The proposed “click to cancel” provision takes aim at those horror stories that everyone seems to have, where the “cancel subscription” button seems to be hidden behind a maze of URLs, or when you finally get a live person on the phone who proceeds to inundate you with last-minute offers if you stay.
Canadian creative unions, including the Writers Guild of Canada and Canadian Media Producers Association, are generally supportive of the bill, but have some concerns that its language could create a two-tiered system that would mean Canadian broadcasters are being held to higher standards than foreign streamers.
For decades, when cable TV owners were negotiating retransmission fees with multichannel video programming distributor (MVPDs), they were leveraging their top rated and must-have networks with lower rated networks and start-ups to gain distribution. Eventually the average cable household would have nearly 200 channels receivable but watched only a handful of cable networks.
The rising cost of living is forcing Canadians to prioritize the streaming subscriptions they enjoy the most, the Angus Reid Institute says. New data released by Angus Reid Thursday shows one in three residents of Canada have cancelled at least one streaming service in the past six months. When asked the reason behind that decision, at least half of the responses cited the cost of living crisis.
It's time for our monthly summary of notable new programming coming to streaming services and TV channels in Canada. As is typical for September, there is lots of new and returning programming this month, as the traditional fall TV season gets underway.
Forced to stay at home due to COVID-19 restrictions, people around the world suddenly found a new hobby—streaming content. Streaming trends indicate that the technology has been reaching new heights during the pandemic. The convergence of new technologies, Internet penetration, expanding mobile usage, and ubiquitous lockdowns are the driving forces behind this development.
Filming season will soon begin in earnest in Toronto and its surrounding areas with major productions expected to set up in the city. The industry said it expects a busy summer as streaming services like Netflix lead a boom for the local filming scene.
The federal government has signalled it is open to MPs tweaking a bill that would subject streaming companies, such as Netflix, to the same rules as traditional Canadian broadcasters. Chris Bittle, parliamentary secretary to the heritage minister, said in the House of Commons on Tuesday there is "room" for MPs to amend the bill after it goes to committee for scrutiny.
The Motion Picture Association’s annual theme report shows what is readily apparent across the industry: The impact of streaming. The U.S. and Canadian box office reached $4.5 billion, up 105 percent from 2020, but still lower than pre-pandemic levels. But the combined theatrical and home and mobile market was $36.8 billion in 2021, surpassing the pre-Covid figure of $36.1 billion in 2019.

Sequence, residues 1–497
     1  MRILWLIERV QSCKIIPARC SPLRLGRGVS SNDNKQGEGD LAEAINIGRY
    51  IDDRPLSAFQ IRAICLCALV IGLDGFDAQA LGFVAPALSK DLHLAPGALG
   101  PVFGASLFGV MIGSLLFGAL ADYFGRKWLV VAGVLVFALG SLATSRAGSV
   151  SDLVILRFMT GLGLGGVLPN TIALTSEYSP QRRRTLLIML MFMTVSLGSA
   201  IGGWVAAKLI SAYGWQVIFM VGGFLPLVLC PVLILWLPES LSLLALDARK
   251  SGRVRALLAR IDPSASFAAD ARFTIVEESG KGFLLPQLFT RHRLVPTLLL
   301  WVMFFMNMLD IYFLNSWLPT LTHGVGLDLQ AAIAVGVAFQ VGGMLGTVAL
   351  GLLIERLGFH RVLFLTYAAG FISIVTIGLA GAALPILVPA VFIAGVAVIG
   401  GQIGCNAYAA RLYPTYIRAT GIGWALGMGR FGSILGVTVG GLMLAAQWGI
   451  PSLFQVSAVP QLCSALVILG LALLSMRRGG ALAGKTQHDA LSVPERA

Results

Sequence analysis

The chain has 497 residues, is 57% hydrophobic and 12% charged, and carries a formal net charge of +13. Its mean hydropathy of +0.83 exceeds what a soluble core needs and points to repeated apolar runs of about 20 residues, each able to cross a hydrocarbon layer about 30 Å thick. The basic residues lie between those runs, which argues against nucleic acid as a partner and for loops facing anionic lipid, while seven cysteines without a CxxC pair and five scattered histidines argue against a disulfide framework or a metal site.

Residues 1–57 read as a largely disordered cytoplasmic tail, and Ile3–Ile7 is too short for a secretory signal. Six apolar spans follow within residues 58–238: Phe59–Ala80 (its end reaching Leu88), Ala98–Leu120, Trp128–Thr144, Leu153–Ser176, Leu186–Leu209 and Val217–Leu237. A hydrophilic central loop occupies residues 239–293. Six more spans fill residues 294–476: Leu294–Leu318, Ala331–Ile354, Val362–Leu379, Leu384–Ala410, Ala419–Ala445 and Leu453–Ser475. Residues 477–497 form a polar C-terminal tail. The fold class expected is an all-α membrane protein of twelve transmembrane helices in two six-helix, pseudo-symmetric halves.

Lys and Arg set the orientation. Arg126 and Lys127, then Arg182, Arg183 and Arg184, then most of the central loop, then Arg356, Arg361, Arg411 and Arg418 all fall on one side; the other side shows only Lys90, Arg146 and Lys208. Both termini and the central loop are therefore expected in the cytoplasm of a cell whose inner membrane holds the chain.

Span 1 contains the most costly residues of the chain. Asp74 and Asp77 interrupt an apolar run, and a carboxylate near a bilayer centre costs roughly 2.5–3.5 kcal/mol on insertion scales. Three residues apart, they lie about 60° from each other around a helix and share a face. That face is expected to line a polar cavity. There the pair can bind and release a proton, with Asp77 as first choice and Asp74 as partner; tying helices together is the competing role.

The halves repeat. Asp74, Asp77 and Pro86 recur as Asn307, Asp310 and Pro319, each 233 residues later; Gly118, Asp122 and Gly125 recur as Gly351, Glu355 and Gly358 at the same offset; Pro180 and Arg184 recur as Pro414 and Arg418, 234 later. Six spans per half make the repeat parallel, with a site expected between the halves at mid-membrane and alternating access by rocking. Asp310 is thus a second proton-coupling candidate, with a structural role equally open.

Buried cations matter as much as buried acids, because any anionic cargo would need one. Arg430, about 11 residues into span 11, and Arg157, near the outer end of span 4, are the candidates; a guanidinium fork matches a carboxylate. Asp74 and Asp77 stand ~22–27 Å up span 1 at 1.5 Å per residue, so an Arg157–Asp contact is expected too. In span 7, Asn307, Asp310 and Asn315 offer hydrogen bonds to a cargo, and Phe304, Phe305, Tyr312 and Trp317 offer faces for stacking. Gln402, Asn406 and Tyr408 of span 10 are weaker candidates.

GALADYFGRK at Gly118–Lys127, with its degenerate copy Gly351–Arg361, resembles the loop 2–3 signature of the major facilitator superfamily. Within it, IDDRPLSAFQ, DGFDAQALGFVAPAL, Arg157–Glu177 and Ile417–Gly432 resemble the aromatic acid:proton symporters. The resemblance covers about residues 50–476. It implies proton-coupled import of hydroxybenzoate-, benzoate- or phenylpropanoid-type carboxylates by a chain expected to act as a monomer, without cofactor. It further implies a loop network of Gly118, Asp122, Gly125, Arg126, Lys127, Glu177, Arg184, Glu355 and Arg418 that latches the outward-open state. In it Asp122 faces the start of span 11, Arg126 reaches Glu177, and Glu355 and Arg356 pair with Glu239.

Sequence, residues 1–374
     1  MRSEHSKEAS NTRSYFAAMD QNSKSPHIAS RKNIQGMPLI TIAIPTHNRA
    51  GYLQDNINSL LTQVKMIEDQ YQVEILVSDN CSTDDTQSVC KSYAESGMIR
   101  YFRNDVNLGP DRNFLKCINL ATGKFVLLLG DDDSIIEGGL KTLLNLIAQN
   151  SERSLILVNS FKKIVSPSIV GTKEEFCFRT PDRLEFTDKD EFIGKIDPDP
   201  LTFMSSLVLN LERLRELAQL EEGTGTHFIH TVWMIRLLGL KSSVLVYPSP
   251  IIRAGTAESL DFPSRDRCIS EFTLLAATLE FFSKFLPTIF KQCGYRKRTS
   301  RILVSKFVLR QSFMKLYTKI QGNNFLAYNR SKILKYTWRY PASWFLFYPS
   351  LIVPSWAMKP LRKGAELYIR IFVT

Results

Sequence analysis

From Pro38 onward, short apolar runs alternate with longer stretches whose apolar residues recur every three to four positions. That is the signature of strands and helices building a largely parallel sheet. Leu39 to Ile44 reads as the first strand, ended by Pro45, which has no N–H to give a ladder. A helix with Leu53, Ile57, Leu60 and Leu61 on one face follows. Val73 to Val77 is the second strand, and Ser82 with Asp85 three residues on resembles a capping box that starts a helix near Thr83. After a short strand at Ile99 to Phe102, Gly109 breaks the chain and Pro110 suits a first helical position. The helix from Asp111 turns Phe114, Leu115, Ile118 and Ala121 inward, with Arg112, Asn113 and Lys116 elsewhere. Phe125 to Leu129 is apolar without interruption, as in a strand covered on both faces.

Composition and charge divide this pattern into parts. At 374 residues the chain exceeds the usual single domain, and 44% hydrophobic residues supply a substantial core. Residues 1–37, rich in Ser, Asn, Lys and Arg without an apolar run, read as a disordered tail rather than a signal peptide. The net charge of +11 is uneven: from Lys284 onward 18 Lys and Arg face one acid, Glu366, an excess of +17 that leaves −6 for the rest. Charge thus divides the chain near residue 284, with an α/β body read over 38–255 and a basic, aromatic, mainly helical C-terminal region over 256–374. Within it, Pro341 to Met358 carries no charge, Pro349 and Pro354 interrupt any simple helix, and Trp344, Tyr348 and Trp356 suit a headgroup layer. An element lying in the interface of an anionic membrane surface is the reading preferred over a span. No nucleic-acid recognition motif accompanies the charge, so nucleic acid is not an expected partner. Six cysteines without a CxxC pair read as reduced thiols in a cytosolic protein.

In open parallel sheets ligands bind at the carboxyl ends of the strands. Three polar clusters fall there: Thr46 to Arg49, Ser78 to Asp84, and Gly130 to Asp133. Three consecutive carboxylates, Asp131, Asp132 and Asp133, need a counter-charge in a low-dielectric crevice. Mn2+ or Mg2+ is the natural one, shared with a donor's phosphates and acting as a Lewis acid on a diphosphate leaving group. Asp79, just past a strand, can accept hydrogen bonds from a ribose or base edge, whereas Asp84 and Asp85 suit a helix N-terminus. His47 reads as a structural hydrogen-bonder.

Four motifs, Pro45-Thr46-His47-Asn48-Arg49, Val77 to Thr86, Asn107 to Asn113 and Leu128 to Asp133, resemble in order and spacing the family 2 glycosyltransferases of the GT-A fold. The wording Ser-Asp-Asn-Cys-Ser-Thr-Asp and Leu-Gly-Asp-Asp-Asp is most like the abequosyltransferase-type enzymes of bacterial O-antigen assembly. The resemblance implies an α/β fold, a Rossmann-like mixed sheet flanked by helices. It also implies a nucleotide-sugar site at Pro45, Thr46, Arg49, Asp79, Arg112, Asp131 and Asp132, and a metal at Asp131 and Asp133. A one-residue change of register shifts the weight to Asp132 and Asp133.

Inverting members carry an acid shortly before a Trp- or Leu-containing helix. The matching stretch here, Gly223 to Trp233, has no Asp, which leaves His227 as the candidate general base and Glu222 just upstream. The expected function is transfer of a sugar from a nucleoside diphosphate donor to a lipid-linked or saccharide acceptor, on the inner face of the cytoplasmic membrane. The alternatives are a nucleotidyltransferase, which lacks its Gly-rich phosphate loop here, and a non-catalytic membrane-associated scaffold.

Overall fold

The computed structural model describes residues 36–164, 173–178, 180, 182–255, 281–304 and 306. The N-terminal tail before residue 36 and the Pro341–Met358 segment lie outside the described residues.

For the first time in two years, the streaming wars should carry on at full strength in 2022. After the pandemic threw productions into havoc in 2020, with delays lingering through 2021, the pipeline for new series and movies is finally becoming unclogged. And that’s a good thing, because the major streaming services will spend an estimated $230 billion-plus on new content next year, according to a recent report by Ampere Analysis.
DETAILS ON NEW WINTER PROGRAMS, PLUS A MAJOR DEVELOPMENT ON FX PROGRAMMING IN CANADA.
It's time for our summary of notable new programming coming to streaming services and TV channels in Canada in the first month of 2022.
VANCOUVER, British Columbia - Jan. 6, 2022 -- Social networks and media content are viral nowadays. Many creative people strive to find a platform that will connect them with professionals in the media industry to cooperate, create unique content and publish it online. New independent content creators can be discouraged as they cannot turn on monetization as they don't get enough views on their channel. People may not have enough knowledge, equipment or connections to start their Internet TV channel by themselves.
VANCOUVER, British Columbia - June 18, 2022 -- Television is moving towards Internet-based services with the increasing popularity of online streaming services. Cable TV has become a relic of an old era. People are scrapping their cable subscriptions in favour of cheaper internet-based options to get personalized content that fits their circle of interest. Moreover, streaming services start producing original content, which means they can create programs entirely suited to their customers' needs.
VANCOUVER, British Columbia - February 10, 2023 -- Audio, video and other media content and services delivered over the internet, also known as over-the-top (OTT) services, bypass traditional distribution channels such as cable and satellite television. The revenue generated by over-the-top services in Canada has been growing rapidly in recent years. According to recent reports, the OTT market in Canada was valued at approximately CAD 2 billion in 2020 and is expected to continue to grow in the coming years.